PBS responds to critical essay in latest Harper’s Magazine

A 12-page essay titled “PBS Self-Destructs: And What It Means for Viewers Like You” in the October issue of Harper’s Magazine has prompted PBS to reply to the magazine and provide stations with talking points in anticipation of viewers’ responses. In the piece, writer Eugenia Williamson traces the history of the network with special attention to conservative interests that have buffeted PBS over the years. “[I]t doesn’t matter that the Republicans couldn’t defund PBS — they really didn’t need to. Twenty years on, the liberal bias they bemoaned has evaporated, if it ever existed to begin with,” Williamson writes. “Today, the only special-interest group the network clearly favors is the aging upper class: their tastes, their pet agendas, their centrist politics. Continue Reading

Stations’ joint effort brings streaming BBC shows to websites

A joint effort among PBS and five member stations has created a more efficient way for stations to offer online streams of British imports such as Doctor Who and Death in Paradise while honoring BBC restrictions that limit web streaming. The BBC’s agreement for streaming programs besides Masterpiece limits access to viewers within a station’s market. But COVE, PBS’s online video platform, does not allow for filtering by location, which hampered stations’ ability to offer BBC content. Those restrictions made for an “unmanageable” situation, said John Decker, director of programming at KPBS in San Diego. But stations are now using a new web page created by PBS that allows for location-based filtering, and five stations have agreed to handle uploading of BBC content to ensure quality and prevent duplicative uploading. Continue Reading

Popularity of Downton creates embarrassment of riches in Masterpiece slot

BEVERLY HILLS, Calif. — The success of Downton Abbey, whose fifth season has been set for Jan. 4, has created a novel problem for PBS: too many programs to fit into the Sunday-night slot occupied by Masterpiece. It’s possible that PBS might schedule some of the excess series at another hour or on another day. But there are no plans to do so for now, according to Masterpiece Executive Producer Rebecca Eaton. Continue Reading

PBS press tour highlights Downton, Nas on Finding Your Roots

The stars of Downton Abbey aren’t the only luminaries whom journalists will chat with during PBS’s portion of the Television Critics Association Summer Press Tour today and Wednesday. Other big names at the Beverly Hilton in Beverly Hills, Calif., include rapper and songwriter Nas, director Spike Lee, Oscar winner Geena Davis, actor Nathan Lane and television legend Dick Cavett. The twice-yearly tour is a chance for broadcasters to woo more than 200 reporters with news of their upcoming schedules, deploying sizzle reels, high-profile appearances, question-and-answer sessions and, of course, food and drinks. PBS President Paula Kerger will greet journalists during her executive session at 10 a.m. Pacific time. Later today, the press conference for Season 5 of Downton Abbey, PBS’s blockbuster series on Masterpiece, will feature Lady Edith (Laura Carmichael), Lady Mary (Michelle Dockery), Anna Bates (Joanne Froggatt) and Tom Branson (Allen Leech), as well as Executive Producer Gareth Neame and Masterpiece’s Rebecca Eaton. Continue Reading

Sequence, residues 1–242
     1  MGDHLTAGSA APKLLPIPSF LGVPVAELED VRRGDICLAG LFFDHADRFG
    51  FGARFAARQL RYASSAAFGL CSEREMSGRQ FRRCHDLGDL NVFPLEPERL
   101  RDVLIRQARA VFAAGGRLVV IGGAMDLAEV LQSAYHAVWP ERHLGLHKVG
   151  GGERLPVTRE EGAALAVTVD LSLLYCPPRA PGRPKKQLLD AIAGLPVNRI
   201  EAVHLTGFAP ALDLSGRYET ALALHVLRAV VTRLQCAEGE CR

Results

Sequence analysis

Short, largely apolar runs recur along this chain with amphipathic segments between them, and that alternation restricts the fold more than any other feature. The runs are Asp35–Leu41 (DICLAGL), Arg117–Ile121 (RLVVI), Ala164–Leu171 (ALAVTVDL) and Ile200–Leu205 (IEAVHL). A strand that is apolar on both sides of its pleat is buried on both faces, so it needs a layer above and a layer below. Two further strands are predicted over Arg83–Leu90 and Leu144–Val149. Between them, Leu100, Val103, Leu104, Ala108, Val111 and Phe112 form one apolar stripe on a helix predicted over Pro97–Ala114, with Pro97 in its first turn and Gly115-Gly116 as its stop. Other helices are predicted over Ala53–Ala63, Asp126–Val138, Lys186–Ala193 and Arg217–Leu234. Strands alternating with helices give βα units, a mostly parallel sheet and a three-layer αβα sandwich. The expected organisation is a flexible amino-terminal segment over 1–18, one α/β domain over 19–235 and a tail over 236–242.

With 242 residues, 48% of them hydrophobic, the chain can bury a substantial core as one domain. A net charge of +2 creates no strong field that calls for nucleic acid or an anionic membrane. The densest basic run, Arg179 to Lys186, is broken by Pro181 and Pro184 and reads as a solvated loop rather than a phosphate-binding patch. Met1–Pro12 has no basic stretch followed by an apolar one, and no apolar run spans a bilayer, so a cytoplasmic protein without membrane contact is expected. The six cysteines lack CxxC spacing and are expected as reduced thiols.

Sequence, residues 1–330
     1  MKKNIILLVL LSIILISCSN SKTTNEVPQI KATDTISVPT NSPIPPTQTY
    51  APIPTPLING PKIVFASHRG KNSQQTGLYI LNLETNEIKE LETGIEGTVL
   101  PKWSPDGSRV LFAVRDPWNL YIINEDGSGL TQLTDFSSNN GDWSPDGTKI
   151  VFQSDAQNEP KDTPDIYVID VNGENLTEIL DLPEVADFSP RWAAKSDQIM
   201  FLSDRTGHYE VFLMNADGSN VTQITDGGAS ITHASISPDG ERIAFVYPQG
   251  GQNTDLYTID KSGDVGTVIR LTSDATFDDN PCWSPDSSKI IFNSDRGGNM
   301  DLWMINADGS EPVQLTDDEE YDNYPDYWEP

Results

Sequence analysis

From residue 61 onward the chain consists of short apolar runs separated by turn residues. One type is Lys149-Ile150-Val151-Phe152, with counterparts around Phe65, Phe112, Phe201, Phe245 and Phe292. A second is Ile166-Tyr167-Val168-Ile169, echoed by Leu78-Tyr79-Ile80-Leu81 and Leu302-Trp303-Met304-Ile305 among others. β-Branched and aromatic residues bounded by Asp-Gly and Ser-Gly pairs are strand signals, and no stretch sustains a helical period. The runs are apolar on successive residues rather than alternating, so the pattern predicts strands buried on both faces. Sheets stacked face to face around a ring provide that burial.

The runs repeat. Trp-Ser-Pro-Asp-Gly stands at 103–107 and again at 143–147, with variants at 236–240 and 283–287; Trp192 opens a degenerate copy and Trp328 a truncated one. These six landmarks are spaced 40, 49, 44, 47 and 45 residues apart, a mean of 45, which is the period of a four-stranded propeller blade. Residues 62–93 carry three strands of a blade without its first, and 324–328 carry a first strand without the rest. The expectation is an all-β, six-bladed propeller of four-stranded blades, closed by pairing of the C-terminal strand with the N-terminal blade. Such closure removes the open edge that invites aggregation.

New digital offerings from NPR, PBS promise closer look at how users consume content

New digital offerings from NPR and PBS aim to give public media additional platforms for building online audiences while gaining insights into how listeners and viewers interact with digital content. These digital initiatives — PBS’s Membership Video on Demand service and NPR’s long-awaited NPR One app — were demonstrated and discussed during the Public Media Development & Marketing Conference in Denver July 9-12. The frequent name-changes for NPR’s mobile app during its development — it has been variously referred to as “Project Carbon,” “Infinite Player” and “MPX” — prompted laughter among PMDMC attendees when recounted by Zach Brand, NPR’s v.p. of digital media. But the roulette wheel has stopped, and the name NPR One is now locked in. The app, which will be released in a soft launch later this month, uses an algorithm and user feedback to create an audio stream fusing NPR content with newscasts and segments provided by stations. Continue Reading